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The Boy In The Box: Not only was the identity of the killer unknown in the ‘The Boy In The Box’ case, but so was the victim. Dubbed America’s Unknown Child, the body of a male child aged between three and five was found lying in a cardboard crate in a country lane in north eastern Philadelphia on February 25, 1957. Weighing just 30 pounds and wrapped in a blanket and with his nails neatly cut, he seemed to have been recently bathed before being discarded. The discovery sparked a city-wide search to name the boy, with posters put in shops and even on gas cans across Philadelphia, but his identity was never revealed. Some popular theories suggest that he came from a nearby foster home and had been born to an unwed mother who was too ashamed to raise him.

Another major theory popped up in 2002, when a woman only known as ‘M’ claimed that her abusive mother purchased the unknown boy, named Jonathan, from his birth parents in the summer of 1954. After suffering more than two years of abuse at the woman’s hands, he was finally killed in a fit of rage after he vomited in the bathtub. Parts of M’s story corroborated that of a confidential testimony given by a male witness in 1957, which alleged the body was placed in a box previously discarded at the scene, however the woman’s history of mental illness cast doubt on her tale and neighbors called her claims that a boy lived at the house “ridiculous.”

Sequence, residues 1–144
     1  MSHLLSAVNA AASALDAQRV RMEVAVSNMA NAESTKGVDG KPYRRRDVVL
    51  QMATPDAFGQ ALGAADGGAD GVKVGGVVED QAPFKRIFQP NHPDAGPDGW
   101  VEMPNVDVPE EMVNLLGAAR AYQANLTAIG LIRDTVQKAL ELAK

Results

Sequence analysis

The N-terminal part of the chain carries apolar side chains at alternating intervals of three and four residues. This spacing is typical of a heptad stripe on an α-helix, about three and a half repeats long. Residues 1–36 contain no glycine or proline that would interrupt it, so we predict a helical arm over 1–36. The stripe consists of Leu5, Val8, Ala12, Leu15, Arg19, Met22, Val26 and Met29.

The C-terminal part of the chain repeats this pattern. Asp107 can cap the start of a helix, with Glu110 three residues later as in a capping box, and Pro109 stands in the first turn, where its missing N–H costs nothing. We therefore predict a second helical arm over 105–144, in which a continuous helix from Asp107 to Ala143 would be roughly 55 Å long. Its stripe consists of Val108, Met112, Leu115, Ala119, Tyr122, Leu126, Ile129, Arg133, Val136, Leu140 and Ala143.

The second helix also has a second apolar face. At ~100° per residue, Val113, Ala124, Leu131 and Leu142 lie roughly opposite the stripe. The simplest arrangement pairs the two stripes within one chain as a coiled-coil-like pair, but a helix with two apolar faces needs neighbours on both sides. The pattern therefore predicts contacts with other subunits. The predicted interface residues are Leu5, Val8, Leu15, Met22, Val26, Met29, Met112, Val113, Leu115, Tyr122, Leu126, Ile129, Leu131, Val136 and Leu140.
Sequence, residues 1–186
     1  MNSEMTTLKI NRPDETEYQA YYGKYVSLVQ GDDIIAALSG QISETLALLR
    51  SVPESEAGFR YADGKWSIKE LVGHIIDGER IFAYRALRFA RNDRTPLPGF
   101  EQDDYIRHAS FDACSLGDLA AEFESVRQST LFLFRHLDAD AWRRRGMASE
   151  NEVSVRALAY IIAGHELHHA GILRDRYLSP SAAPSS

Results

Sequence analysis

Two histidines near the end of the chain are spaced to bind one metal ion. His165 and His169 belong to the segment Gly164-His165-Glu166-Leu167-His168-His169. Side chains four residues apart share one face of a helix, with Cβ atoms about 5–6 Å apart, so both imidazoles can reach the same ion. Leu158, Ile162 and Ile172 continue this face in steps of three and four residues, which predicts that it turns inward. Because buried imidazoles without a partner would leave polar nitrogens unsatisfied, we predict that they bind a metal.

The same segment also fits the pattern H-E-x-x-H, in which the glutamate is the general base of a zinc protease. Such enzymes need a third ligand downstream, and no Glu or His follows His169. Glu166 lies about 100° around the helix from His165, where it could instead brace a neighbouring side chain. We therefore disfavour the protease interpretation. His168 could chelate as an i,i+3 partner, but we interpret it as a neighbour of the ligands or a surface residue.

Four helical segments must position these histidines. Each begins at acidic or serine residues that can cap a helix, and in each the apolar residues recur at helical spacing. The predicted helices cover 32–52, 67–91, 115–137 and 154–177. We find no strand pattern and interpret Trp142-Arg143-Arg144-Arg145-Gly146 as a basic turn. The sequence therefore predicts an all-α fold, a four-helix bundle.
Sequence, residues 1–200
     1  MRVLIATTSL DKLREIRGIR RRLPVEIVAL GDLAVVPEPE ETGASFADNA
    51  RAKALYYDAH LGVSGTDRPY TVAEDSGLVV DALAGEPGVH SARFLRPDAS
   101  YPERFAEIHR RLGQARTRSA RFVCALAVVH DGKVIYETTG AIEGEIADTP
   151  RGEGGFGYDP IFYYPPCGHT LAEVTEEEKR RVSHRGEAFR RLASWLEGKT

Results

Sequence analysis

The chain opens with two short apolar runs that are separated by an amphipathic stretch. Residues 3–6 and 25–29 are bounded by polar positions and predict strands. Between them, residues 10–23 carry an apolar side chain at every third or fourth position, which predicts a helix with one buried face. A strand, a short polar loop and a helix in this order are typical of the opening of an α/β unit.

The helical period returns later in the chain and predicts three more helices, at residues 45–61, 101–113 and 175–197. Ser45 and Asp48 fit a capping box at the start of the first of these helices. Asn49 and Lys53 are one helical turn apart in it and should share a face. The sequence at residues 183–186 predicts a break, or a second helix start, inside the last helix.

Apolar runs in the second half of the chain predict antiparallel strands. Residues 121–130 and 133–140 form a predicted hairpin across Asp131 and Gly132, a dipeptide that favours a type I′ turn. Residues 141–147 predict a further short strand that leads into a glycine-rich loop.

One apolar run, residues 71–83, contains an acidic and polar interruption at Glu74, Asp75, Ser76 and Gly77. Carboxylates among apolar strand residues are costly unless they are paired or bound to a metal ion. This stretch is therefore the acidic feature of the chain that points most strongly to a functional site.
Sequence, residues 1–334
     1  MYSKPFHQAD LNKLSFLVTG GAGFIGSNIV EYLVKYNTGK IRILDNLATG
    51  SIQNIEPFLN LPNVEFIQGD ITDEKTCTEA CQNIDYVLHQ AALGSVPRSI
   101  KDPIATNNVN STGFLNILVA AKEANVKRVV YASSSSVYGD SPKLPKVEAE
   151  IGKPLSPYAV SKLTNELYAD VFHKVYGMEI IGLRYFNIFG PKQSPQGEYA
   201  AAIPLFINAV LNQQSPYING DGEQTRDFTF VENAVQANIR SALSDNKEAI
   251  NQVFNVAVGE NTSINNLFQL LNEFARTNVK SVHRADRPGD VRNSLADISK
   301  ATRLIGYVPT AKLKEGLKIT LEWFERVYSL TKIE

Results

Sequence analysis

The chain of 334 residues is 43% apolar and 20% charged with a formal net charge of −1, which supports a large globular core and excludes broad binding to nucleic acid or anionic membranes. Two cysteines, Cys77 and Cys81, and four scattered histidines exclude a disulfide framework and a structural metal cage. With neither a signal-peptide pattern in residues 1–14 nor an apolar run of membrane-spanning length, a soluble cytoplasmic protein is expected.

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The Black Dahlia: The mystery of the Black Dahlia is another tantalizing tale that was made for Hollywood and has since been retold in a neo-noir novel by James Ellroy and a 2006 movie starring Mia Kirshner. Victim Elizabeth Short, who was given her glamorous pseudonym because she loved to wear black, was found mutilated with her body sliced in half at the waist on January 15, 1947 in the Leimert Park district of Los Angeles. Born in Boston, Beth moved to California to reunite with her estranged father who had vanished years earlier but after the pair fell out she was determined to fulfill her dreams of making it in Hollywood.

The 22-year-old aspiring actress was known to have a liking for service men and was seen as rather a scandalous character for the post-war era after reportedly hooking up with a variety of men and women, including a rumored fling with Marilyn Monroe. It is this dark social life combined with the brutality of her murder that has kept her story alive in Hollywood folklore for so long. After last being spotted at the Biltmore hotel, her nude body was found in a vacant lot near Hollywood with her face slashed from the corners of her mouth toward her ears, creating an effect crudely nicknamed the “Glasgow smile.” The corpse had been washed and cleaned and she had been “posed” with her hands over her head and elbows bent at right angles. Despite the highly sensationalized nature of the case in the press and a mammoth LAPD investigation including interviews with alleged lovers, no one was ever charged with Short’s murder.

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The Zodiac Killer: